Eye experts in Southampton are the first in the UK to use a new surgical laser that can split corneal tissue in two – potentially doubling the number of patients who could benefit from sight-saving transplants.
Known as the Femto LDV Z8, it pulses at one quadrillionth of a second and is so precise it can cut the cornea into different planes which can be used to treat a number of different eye diseases.
A corneal transplant is often referred to as a keratoplasty and it can be used to improve sight, relieve pain and treat severe infection or damage.
In the UK, 4,000 people’s sight was restored through a transplant last year but there is a shortage of donors. Three-quarters of people on the organ donor register who indicate they do not wish to donate all their organs and tissue opt to avoid their eyes.
“The benefit of being able to split the corneal tissue so precisely allows one corneal donor tissue to be used in two recipients and, therefore, a single eye donor could restore sight in up to four patients,” said Parwez Hossain, Professor in Ophthalmology at the University of Southampton.
“This is a significant advantage since corneal transplant tissue is in short supply and it is getting more difficult to find suitable donors, with some patients waiting four to six months for corneal transplant tissue.”
The £500,000 portable laser will be used to split donor tissue and carry out transplants, as well as perform cataract surgery which involves replacing the lens in the eye.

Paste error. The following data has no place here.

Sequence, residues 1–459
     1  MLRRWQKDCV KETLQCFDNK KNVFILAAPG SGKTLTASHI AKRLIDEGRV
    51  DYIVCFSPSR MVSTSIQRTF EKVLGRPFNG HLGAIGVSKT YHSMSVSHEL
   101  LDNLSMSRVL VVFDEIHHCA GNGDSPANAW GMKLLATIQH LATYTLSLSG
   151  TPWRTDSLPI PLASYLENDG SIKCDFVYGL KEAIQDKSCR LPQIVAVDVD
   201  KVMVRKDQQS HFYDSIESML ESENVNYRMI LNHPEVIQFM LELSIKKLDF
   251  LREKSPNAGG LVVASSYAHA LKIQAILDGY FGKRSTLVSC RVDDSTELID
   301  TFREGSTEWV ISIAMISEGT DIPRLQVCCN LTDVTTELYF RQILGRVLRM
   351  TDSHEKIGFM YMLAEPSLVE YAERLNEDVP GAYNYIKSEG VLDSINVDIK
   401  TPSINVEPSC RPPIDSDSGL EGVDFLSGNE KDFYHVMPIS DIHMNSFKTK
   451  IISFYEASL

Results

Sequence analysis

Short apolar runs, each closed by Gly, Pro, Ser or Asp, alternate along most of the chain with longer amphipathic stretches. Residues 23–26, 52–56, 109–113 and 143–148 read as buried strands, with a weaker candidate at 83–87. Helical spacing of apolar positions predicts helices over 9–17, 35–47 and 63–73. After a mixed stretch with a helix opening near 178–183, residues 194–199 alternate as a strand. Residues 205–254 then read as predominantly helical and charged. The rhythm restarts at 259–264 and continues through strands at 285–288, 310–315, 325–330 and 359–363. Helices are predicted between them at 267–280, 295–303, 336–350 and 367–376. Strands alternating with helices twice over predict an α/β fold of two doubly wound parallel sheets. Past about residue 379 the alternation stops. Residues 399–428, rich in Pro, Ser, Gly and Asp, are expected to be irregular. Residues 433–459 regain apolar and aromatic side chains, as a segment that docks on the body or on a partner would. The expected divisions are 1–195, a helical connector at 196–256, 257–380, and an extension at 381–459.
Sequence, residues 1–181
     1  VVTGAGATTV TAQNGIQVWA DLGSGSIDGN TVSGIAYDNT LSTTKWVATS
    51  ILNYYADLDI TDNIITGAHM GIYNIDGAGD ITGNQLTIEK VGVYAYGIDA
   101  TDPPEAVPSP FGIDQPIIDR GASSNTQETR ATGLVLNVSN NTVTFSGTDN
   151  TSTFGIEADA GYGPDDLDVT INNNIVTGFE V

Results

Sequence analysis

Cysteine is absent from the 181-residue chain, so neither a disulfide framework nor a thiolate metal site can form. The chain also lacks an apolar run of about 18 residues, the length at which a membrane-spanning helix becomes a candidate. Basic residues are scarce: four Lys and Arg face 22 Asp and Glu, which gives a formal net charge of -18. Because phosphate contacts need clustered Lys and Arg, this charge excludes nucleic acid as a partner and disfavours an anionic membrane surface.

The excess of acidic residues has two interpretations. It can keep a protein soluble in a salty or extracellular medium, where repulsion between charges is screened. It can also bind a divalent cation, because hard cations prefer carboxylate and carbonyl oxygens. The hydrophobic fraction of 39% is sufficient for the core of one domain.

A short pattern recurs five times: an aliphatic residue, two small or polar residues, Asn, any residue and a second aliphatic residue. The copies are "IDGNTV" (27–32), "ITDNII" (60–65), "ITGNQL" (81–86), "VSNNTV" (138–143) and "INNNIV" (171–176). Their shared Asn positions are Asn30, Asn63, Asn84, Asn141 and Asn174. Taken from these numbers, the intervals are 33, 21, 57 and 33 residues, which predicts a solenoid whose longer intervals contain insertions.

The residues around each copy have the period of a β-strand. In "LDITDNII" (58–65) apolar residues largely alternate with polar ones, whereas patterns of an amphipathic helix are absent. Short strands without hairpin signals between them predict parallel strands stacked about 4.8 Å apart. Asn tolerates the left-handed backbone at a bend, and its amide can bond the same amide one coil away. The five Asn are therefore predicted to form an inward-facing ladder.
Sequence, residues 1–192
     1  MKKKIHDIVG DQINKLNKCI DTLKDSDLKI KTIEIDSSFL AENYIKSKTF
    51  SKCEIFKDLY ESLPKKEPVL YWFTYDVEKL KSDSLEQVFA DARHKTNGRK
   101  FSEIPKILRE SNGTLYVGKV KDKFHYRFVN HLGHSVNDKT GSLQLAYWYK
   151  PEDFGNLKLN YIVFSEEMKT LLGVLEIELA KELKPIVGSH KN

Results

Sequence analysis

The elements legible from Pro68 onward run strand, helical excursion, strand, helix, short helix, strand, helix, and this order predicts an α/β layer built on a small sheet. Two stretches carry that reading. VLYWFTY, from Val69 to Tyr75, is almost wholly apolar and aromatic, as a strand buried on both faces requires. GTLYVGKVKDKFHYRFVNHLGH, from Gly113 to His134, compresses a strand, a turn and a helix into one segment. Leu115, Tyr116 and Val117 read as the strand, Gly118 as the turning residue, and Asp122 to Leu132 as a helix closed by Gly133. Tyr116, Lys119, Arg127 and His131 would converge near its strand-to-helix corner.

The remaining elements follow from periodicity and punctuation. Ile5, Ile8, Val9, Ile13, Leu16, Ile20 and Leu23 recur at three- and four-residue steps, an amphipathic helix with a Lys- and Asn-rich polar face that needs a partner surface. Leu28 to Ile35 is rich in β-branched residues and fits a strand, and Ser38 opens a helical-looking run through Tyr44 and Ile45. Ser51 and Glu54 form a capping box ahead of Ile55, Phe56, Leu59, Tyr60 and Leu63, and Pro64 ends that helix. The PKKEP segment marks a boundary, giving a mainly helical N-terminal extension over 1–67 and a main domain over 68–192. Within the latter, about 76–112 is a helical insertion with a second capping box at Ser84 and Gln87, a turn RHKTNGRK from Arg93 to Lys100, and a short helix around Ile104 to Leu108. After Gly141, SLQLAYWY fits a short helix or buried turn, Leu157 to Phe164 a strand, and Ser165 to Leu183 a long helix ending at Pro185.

As it uses low energy, there is less chance of damage to the surrounding parts of the eye and, as no blades are required for surgery, it allows better wound reconstruction.
This provides the advantage of improved and faster recovery, fewer sutures and potentially better vision. In addition, the technology could be used to carry out future advances in treatment including artificial corneal implants.
Professor Hossain said: “What is really exciting about this technology is that, as it can dissect corneal tissue into different planes, it allows the deeper layers to be used to treat patients with corneal disease at the back of the eye and the surface layers for patients with corneal surface diseases.
“It also means we will be in a position to take advantage of future treatments where individual cells can transplanted into the patients’ corneal tissue, potentially reducing the need for full corneal transplants.”
He added: “The equipment has been developed in Switzerland over the past five years and has so far only been used there, in Austria and in Singapore, so we are among the front runners in adopting this innovation.”
Daniel Hackling, 36, from Totton, Southampton, became the first patient to undergo a corneal transplant using the laser last week when he was treated for keratoconus, a condition which changes the shape of the cornea and causes blurred and distorted vision.
He said: “It is fantastic that here in Southampton we are the first hospital in the UK to carry out this procedure and I hope to be the first of many to benefit from it.”